But it’s not something that most people can do. That’s why the Buddha, Jesus, and others who have preached only love are so special. It’s hard to do.
Because really, anger isn’t inherently bad, any more than sorrow is inherently bad. When they feed, when they don’t have a healthy outlet and become unthinking tangles of so much frustration and deep depression that lash out like a wounded animal when prodded, bad results. Often, things occur that are not even the things the tangle-bearer would have dreamed of intending.
And that more than anything else, makes me so tired.
There are various articles on the internet that suggest the best thing to do mid-afternoon, when you’re feeling slightly sleepy after lunch and run down after a busy morning working, is to take a power nap of 15 to 20 minutes.
I hate those articles so very much.
Some are better than others, and admit that it’s an “average” among sleep studies. Some of the sleep studies are tiny by research standards.
For me, 15 to 20 minutes is usually not enough time to actually fall asleep. If I’m extremely lucky, I will have just dozed off at 20 minutes. Usually it’s more like 30 minutes.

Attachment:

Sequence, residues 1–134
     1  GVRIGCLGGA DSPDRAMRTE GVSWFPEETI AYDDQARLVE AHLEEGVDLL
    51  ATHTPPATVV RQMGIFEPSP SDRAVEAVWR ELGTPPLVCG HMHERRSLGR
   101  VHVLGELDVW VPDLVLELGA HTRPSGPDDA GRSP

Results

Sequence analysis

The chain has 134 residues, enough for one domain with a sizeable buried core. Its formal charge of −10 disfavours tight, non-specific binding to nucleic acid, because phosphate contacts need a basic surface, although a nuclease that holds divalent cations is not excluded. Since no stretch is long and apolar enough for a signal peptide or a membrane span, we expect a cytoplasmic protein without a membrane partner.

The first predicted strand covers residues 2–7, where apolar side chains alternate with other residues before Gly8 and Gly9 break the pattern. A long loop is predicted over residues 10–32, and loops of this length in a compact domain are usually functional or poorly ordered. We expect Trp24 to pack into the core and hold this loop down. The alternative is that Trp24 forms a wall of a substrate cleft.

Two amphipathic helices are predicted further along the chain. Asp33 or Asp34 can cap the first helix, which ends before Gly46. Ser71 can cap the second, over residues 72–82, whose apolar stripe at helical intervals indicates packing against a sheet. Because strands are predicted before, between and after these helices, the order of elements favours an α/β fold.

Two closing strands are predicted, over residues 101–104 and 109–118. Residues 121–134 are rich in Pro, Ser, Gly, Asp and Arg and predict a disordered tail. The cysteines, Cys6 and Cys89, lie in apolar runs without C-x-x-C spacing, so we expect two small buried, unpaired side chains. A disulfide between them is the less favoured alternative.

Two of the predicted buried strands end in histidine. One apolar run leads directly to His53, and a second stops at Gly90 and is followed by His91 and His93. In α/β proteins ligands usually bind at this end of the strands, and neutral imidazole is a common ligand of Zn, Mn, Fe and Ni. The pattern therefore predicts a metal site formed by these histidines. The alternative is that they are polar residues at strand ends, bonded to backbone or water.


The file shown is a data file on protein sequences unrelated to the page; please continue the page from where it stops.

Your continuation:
So, I try not to take naps. If I’m very tired, and it’s no where near bedtime, I might go ahead and lie down; but I do so knowing that I’m probably going to foul up my sleep schedule. I seem to sleep in 3 hour increments. If I’m, again, very lucky, I might manage a “short” 90 minutes, but that’s rare.
I’m not sure what exactly has changed, as I’ve aged.
I have some theories.
I know my sleep patterns took a large hit around the time I was separating and getting divorced from my first husband and my father dying of lung cancer. I don’t recall if it ever really recovered, because I moved away for a year to a different time zone, and never really slept well there either. (Except for when I was very sick with what was probably the flu.) On the other hand, since moving back to Oregon, I’m relatively certain there was a stretch where I slept… somewhat normally for me. And then again, several years later, when my mother had come to live nearby and became sick, I think I regained the habit of cat-napping to keep aware of potential need.
I think this last time, I never really got out of the habit. Even now, I tend to sleep in chunks. I drift off sometimes when my husband does, more often later, and then wake up in roughly 3 hours. On good nights, I might manage 4 hours… but almost always, I’m awakened at 4:30am at the latest by the cats.
That’s first breakfast time, you see. Well, it’s main breakfast, as only one cat is hobbit-like enough to require second breakfast. So after they’ve been fed, if it’s a work day, I go back to bed for another two and a half hours. Just before I leave for the office, the one cat gets his second breakfast. Sometimes he lets our girl have some.